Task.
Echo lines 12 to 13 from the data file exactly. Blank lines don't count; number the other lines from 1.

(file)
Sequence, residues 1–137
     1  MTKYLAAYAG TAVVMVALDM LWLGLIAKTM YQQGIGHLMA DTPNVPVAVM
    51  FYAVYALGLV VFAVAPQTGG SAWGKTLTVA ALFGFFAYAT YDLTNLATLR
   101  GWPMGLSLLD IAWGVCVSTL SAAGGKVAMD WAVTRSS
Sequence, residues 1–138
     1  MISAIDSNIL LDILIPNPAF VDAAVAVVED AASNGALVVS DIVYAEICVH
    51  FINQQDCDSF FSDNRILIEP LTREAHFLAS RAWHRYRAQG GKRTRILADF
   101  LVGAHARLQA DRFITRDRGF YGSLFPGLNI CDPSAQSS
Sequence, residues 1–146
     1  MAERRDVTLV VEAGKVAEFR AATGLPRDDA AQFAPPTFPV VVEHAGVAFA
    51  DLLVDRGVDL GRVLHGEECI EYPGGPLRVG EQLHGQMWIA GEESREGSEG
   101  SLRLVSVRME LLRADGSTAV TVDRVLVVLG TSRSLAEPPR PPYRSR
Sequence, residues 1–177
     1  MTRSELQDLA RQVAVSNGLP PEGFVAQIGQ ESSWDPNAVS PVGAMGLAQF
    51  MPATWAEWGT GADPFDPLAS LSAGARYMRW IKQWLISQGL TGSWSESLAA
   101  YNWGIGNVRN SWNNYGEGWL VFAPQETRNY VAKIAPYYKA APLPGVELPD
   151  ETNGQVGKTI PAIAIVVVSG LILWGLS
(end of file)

   101  SLRLVSVRME LLRADGSTAV TVDRVLVVLG TSRSLAEPPR PPYRSR
Sequence, residues 1–177